Shelly Waterman expected her home value would go up as a result of Burlington’s recent citywide reappraisal. But she was still surprised to see the final number on paper.
Her three-bedroom, one-bathroom ranch in the New North End was previously valued at $209,100. Its new value: $269,500, a $60,400 increase.
“To see your appraisal go up thousands — [for] many, $50,000 or more — really is shocking,” Waterman said.
The reappraisal was the city’s first since 2005 and is meant to ensure that all properties are assessed at fair market value. Property values have increased over time in Burlington’s high-demand housing market, but the tax burden isn’t equally distributed, according to City Assessor John Vickery.
While some residents saw a modest bump, others are learning that their home value increased by hundreds of thousands of dollars. Seven Days reviewed letters sent to two people whose home values had increased by about 50 percent and about 85 percent, respectively.
“On the one hand, it’s like, ‘Wow, I’ve got a great piece of property,’” Waterman reflected. “On the other hand: ‘Oh, I’ve got a piece of property that’s going to make it more difficult for me to afford to live here.”
City officials, however, are cautioning people not to panic. Just because a home’s appraised value doubled does not mean its taxes will increase twofold, Vickery said.
That’s because the city charter mandates that reappraisals are revenue neutral, meaning the city can’t significantly increase taxes based on higher property valuations.To compensate, both the municipal and education tax rates will be lowered, Vickery wrote in an email to Seven Days.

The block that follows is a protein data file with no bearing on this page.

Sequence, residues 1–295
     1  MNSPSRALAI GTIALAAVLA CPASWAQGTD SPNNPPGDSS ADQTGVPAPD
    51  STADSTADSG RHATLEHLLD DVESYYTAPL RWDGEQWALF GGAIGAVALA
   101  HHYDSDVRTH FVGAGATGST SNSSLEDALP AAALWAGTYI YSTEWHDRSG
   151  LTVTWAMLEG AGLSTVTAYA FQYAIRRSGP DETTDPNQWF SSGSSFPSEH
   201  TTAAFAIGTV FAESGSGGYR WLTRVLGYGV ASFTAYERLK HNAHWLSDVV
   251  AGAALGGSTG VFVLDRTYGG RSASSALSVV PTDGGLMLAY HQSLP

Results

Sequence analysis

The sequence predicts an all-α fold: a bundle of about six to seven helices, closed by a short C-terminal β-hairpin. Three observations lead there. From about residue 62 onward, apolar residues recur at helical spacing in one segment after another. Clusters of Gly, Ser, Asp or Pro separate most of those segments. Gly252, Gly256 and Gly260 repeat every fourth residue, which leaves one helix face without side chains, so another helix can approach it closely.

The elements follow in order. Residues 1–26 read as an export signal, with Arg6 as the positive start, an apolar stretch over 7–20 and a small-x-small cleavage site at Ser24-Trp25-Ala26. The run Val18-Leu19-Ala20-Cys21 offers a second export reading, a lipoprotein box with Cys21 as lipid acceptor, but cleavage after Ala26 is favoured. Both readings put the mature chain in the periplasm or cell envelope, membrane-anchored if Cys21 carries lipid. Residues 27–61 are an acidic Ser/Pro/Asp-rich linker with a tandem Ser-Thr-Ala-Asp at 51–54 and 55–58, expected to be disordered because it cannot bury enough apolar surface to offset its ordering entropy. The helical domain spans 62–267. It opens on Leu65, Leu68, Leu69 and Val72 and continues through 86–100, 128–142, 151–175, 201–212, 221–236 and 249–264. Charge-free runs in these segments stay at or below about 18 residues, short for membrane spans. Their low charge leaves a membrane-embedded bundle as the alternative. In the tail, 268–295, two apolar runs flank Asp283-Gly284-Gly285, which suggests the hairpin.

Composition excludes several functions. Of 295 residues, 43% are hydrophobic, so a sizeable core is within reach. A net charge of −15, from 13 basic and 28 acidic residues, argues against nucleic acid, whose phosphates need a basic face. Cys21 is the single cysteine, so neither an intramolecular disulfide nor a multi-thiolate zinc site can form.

The city is expected to set its tax rate in June, after the city council approves its fiscal year 2021-22 budget. Voters approved the school budget in March, but it’s up to the legislature to set the education rate, also likely in June, Vickery said.
Some homeowners will pay more taxes post-appraisal, but others will pay less or approximately the same, according to Vickery.
“Over time, equity is lost as properties appreciate at different rates,” he wrote. “This resetting [of] values means that some properties have had a tax advantage because the valuation was low compared to the market relative to others.”
Waterman understands the process, but said she and her neighbors are still anxiously awaiting their tax bills to see the true impact.
Burlington resident Kyla Boyce feels similarly. Her home was previously appraised at $192,400 and is now valued at $281,800, almost a $90,000 jump. That number is low compared to Boyce’s friends, whose home values have “gone up a couple hundred thousand dollars, which is absolutely atrocious,” she said.
Boyce said the coronavirus pandemic has likely worsened the problem as out-of-state buyers have bought up Burlington homes for far more than their true value. She and her husband have considered moving out of state to escape Vermont’s high taxes, Boyce added.
In the meantime, Boyce is considering an appeal of the new valuation. Homeowners initially had until April 23 to request an appeal hearing, but the city on Tuesday extended the deadline to April 30.
At their meeting Monday night, city councilors said they’d heard from a number of constituents concerned about the new valuations and quick turnaround time to appeal them.
Councilor Brian Pine (P-Ward 3) urged residents to file for an appeal if their new value “is inconsistent with properties around you, or you had an appraisal done to refinance or a home equity loan or something that tells you … there’s a problem.”
“The value is really the thing to be concerned about right now,” he said.
Homeowners can request a hearing by submitting a form on the city assessor’s webpage, by mailing a letter to City Hall or by calling the city’s contractor, Tyler Technologies, at 1-877-895-9675.